The district court erred in admitting the testimony of Flannigan as a custodian of records under the exception to the inadmissibility of hearsay for “business records” that are made in the regular course of business and are generally admissible at trial under certain conditions. See Rule 11-803(F) (2007) (citing the version of the rule in effect at the time of trial). The business records exception allows the records themselves to be admissible but not simply statements about the purported contents of the records. [E.S.] See State v. Cofer, 2011-NMCA-085, ¶ 17, 150 N.M. 483, 261 P.3d 1115 (holding that, based on the plain language of Rule 11-803(F) (2007), “it is clear that the business records exception requires some form of document that satisfies the rule’s foundational elements to be offered and admitted into evidence and that testimony alone does not qualify under this exception to the hearsay rule” and concluding that “‘testimony regarding the contents of business records, unsupported by the records themselves, by one without personal knowledge of the facts constitutes inadmissible hearsay.’” (citation omitted)). Neither Flannigan’s testimony nor Kelley’s affidavit can substantiate the existence of documents evidencing a transfer if those documents are not entered into evidence. Accordingly, Flannigan’s trial testimony cannot establish that the Romeros’ note was transferred to the Bank of New York.[E.S.]

[REJECTION OF MERS ASSIGNMENT]

We also reject the Bank’s argument that it can enforce the Romeros’ note because it was assigned the mortgage by MERS. An assignment of a mortgage vests only those rights to the mortgage that were vested in the assigning entity and nothing more. See § 55-3-203(b) (“Transfer of an instrument, whether or not the transfer is a negotiation, vests in the transferee any right of the transferor to enforce the instrument, including any right as a holder in due course.”); accord Hart & Willier, supra, § 12.03(2) at 12-27 (“Th[is] shelter rule puts the transferee in the shoes of the transferor.”).

[MERS CAN NEVER ASSIGN THE NOTE]

As a nominee for Equity One on the mortgage contract, MERS could assign the mortgage but lacked any authority to assign the Romeros’ note. Although this Court has never explicitly ruled on the issue of whether the assignment of a mortgage could carry with it the transfer of a note, we have long recognized the separate functions that note and mortgage contracts perform in foreclosure actions. See First Nat’l Bank of Belen v. Luce, 1974-NMSC-098, ¶ 8, 87 N.M. 94, 529 P.2d 760 (holding that because the assignment of a mortgage to a bank did not convey an interest in the loan contract, the bank was not entitled to foreclose on the mortgage); Simson v. Bilderbeck, Inc., 1966-NMSC-170, ¶¶ 13-14, 76 N.M. 667, 417 P.2d 803 (explaining that “[t]he right of the assignee to enforce the mortgage is dependent upon his right to enforce the note” and noting that “[b]oth the note and mortgage were assigned to plaintiff.

[SPLITTING THE NOTE AND MORTGAGE]

(“A mortgage securing the repayment of a promissory note follows the note, and thus, only the rightful owner of the note has the right to enforce the mortgage.”); Dunaway, supra, § 24:18 (“The mortgage only secures the payment of the debt, has no life independent of the debt, and cannot be separately transferred. If the intent of the lender is to transfer only the security interest (the mortgage), this cannot legally be done and the transfer of the mortgage without the debt would be a nullity.”). These separate contractual functions—where the note is the loan and the mortgage is a pledged security for that loan—cannot be ignored simply by the advent of modern technology and the MERS electronic mortgage registry system.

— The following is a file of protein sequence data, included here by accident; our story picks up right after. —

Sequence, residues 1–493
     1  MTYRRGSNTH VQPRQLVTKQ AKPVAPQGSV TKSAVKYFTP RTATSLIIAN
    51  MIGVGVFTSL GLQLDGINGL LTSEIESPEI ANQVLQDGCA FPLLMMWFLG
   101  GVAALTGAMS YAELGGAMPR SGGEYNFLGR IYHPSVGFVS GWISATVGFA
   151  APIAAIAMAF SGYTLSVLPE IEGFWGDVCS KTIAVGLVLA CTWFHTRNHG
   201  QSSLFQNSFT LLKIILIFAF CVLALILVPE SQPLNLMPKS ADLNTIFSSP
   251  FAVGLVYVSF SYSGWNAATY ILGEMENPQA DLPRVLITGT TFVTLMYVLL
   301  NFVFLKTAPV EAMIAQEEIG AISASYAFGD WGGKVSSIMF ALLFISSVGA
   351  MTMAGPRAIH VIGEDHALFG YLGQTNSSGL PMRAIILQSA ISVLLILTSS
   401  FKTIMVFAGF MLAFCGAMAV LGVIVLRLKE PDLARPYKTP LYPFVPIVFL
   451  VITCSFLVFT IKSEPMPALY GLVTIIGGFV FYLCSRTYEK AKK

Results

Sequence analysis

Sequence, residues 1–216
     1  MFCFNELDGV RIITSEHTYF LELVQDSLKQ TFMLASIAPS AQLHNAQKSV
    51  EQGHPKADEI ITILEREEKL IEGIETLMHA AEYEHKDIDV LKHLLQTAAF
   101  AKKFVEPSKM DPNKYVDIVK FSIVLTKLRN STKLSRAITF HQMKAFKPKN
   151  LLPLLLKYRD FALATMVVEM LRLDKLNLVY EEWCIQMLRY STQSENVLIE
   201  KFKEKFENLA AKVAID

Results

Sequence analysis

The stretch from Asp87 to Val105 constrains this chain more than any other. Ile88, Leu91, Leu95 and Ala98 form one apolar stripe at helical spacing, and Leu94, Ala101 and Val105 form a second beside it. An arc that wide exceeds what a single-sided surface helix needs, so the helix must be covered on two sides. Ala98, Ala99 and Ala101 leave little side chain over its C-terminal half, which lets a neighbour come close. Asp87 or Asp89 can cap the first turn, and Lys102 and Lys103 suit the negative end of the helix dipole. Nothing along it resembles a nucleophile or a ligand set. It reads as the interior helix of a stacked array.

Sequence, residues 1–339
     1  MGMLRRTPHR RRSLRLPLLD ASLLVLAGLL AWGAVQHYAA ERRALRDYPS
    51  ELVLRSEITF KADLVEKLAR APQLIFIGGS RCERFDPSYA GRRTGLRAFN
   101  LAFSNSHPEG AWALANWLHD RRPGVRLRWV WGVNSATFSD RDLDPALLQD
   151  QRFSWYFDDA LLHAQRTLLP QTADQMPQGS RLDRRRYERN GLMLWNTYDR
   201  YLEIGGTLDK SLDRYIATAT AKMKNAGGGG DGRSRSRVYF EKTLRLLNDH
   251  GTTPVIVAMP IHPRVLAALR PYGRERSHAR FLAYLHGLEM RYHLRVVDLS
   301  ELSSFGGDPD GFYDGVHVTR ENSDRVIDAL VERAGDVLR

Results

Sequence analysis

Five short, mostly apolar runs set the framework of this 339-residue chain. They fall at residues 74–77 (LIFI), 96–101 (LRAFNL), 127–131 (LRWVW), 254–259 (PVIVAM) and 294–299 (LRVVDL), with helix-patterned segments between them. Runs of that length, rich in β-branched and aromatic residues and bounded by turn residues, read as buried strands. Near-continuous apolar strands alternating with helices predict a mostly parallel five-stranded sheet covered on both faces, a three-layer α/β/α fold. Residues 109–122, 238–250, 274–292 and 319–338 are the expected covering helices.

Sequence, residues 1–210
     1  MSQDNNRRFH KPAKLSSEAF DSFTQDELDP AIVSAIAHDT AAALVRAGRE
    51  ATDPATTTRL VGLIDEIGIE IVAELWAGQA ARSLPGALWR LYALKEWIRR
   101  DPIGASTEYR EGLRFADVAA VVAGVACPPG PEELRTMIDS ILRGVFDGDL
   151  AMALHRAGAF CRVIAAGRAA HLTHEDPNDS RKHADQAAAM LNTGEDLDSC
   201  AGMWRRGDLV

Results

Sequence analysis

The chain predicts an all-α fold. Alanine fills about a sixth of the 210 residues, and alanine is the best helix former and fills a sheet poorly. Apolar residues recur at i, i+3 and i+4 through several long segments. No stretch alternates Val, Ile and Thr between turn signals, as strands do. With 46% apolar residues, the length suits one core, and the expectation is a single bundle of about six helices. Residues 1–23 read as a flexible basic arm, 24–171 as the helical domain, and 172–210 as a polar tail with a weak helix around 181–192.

[THE NOBODY ELSE IS CLAIMING ARGUMENT IS EXPLICITLY REJECTED]

Failure of Another Entity to Claim Ownership of the Romeros’ Note Does Not Make the Bank of New York a Holder

{37} Finally, the Bank of New York urges this Court to adopt the district court’s inference that if the Bank was not the proper holder of the Romeros’ note, then third-party-defendant Equity One would have claimed to be the rightful holder, and Equity One made no such claim.

11

{38} The simple fact that Equity One does not claim ownership of the Romeros’ note does not establish that the note was properly transferred to the Bank of New York. In fact, the evidence in the record indicates that JPMorgan Chase may be the lawful holder of the Romeros’ note, as reflected in the note’s special indorsement.

[HOLDER MUST PROVE ENTITLEMENT TO ENFORCE — NO PRESUMPTION ALLOWED]

Because the transferee is not a holder, there is no presumption under Section [55-]3-308 [(1992) (entitling a holder in due course to payment by production and upon signature)] that the transferee, by producing the instrument, is entitled to payment. The instrument, by its terms, is not payable to the transferee and the transferee must account for possession of the unindorsed instrument by proving the transaction through which the transferee acquired it.

[LENDER’S OBLIGATION TO ASSURE THAT THE LOAN IS VIABLE]

B. A Lender Must Consider a Borrower’s Ability to Repay a Home Mortgage Loan in Determining Whether the Loan Provides a Reasonable, Tangible Net Benefit, as Required by the New Mexico HLPA

{39} For reasons that are not clear in the record, the Romeros did not appeal the district court’s judgment in favor of the original lender, Equity One, on the Romeros’ claims that Equity One violated the HLPA. The Court of Appeals addressed the HLPA violation issue in the context of the Romeros’ contentions that the alleged violation constituted a defense to the foreclosure complaint of the Bank of New York by affirming the district court’s favorable ruling on the Bank of New York’s complaint. As a result of our holding that the Bank of New York has not established standing to bring a foreclosure action, the issue of HLPA violation is now moot in this case. But because it is an issue that is likely to be addressed again in future attempts by whichever institution may be able to establish standing to foreclose on the Romero home and because it involves a statutory interpretation issue of substantial public importance in many other cases, we address the conclusion of both the